Notably, the Minister of Mines, Industry and Technological Development in Cameroon sent his representative who was present from the start to the end of the event, in the person of the Divisional Delegate of the same Ministry for Meme, Mr. Ebai Ebob Ebot. Other government and local government collaborators who were part of the event included: The Mayor of Kumba 1 Council, Br. Eseme E. Moses, the Divisional Delegate of Agriculture for Meme, Mr. Nchidia Asong Daniel and our host Senator Nfon Mukete IV Ekoko, the Paramount Ruler of the Bafaw, Kumba.
These stakeholders each played and play important roles in the agriculture and food systems ecosystem in Kumba and Cameroon at large at varied levels. So, this is what collaboration looked like for the Green Hackathon in Kumba.
Dreams Talks: Given the time constraints of a 48-hour hackathon, could you provide insights into some of the most impressive or unexpected solutions that participants developed to address sustainability issues in agriculture?
Martin Elonge: I must say that everything we encountered during this 48-hr hackathon in Kumba was ‘unexpected’ especially coming from the Kumba based teams, and they were really impressive.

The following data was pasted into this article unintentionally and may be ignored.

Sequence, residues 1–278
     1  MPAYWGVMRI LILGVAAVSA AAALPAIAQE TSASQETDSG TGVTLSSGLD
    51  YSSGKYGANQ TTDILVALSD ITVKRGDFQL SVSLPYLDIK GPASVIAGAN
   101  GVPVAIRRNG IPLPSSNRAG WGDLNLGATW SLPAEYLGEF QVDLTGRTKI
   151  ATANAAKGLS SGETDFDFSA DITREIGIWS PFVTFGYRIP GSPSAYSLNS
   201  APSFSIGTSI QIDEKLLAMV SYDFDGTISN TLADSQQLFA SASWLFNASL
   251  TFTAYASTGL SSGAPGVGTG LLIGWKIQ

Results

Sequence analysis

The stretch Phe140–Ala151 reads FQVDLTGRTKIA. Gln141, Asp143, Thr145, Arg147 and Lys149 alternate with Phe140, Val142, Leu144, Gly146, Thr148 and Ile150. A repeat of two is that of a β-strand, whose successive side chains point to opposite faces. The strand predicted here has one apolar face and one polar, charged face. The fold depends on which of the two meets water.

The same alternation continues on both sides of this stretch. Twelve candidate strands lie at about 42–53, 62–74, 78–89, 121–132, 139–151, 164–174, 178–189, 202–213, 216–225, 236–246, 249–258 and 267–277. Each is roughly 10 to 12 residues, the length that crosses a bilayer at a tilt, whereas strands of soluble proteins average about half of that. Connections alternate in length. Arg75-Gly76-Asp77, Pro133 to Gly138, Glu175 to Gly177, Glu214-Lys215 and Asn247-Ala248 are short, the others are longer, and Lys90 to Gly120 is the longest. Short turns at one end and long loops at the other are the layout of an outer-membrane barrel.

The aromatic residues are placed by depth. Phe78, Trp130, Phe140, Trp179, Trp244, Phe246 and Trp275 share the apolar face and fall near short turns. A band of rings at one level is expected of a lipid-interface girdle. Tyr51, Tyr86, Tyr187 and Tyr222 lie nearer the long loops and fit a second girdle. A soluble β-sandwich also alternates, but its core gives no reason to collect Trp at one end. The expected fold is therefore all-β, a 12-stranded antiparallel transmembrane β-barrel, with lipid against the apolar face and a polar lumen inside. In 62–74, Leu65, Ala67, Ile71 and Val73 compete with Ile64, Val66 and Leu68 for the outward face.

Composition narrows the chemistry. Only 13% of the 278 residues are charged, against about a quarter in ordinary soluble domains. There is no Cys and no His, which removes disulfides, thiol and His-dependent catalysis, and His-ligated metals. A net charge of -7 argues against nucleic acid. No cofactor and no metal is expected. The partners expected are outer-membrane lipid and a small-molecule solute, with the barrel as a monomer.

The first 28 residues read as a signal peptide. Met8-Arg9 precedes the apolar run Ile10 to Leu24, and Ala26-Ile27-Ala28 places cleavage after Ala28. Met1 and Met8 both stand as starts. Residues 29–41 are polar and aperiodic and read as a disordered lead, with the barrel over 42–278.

The first that comes to mind on this is team 5- Regenerative hub. Their solution focused on valorizing waste as an alternative and affordable source of protein (fresh waste) for feed formulation. Through this process, high levels of protein are produced through a non-conventional feed ingredient, maggot, the larva stage of the housefly, Musca domestica. This would go a long way to cut down on the cost of increased prices of livestock feed.
Also, the Rural Transformers, team 8, put up a spectacular solution. They engaged in the production of highly nutritive hydroponic fodders to reduce the cost of feeding fish by 60% thus scaling up production.
By so doing, fish could be available in the market at lower prices. And the fodders will also help in clearing the pond waste products produced by the fishes. All the solutions as earlier mentioned were quite impressive. Team CODEC, winners of the 1st Prize presented a transformative farm management system called “Agrophase”.
Dreams Talks: Beyond the event itself, what mechanisms or plans has Mountain Hub put in place to support the further development and implementation of the innovative solutions that emerged from the hackathon?
Martin Elonge: The hackathon serves as an idea generation ground, where solutions spring from. In building these solutions into usable products and services, Mountain Hub has designed an incubation lab. Participants from the hackathon get to enroll with the incubation lab where they benefit from extensive support on their initiatives.
There is also the Spring-Up venture studio that Mountain Hub runs. Here such initiatives receive venture building support on business development, product development, accounting and book keeping as need be, marketing the solutions and what have you.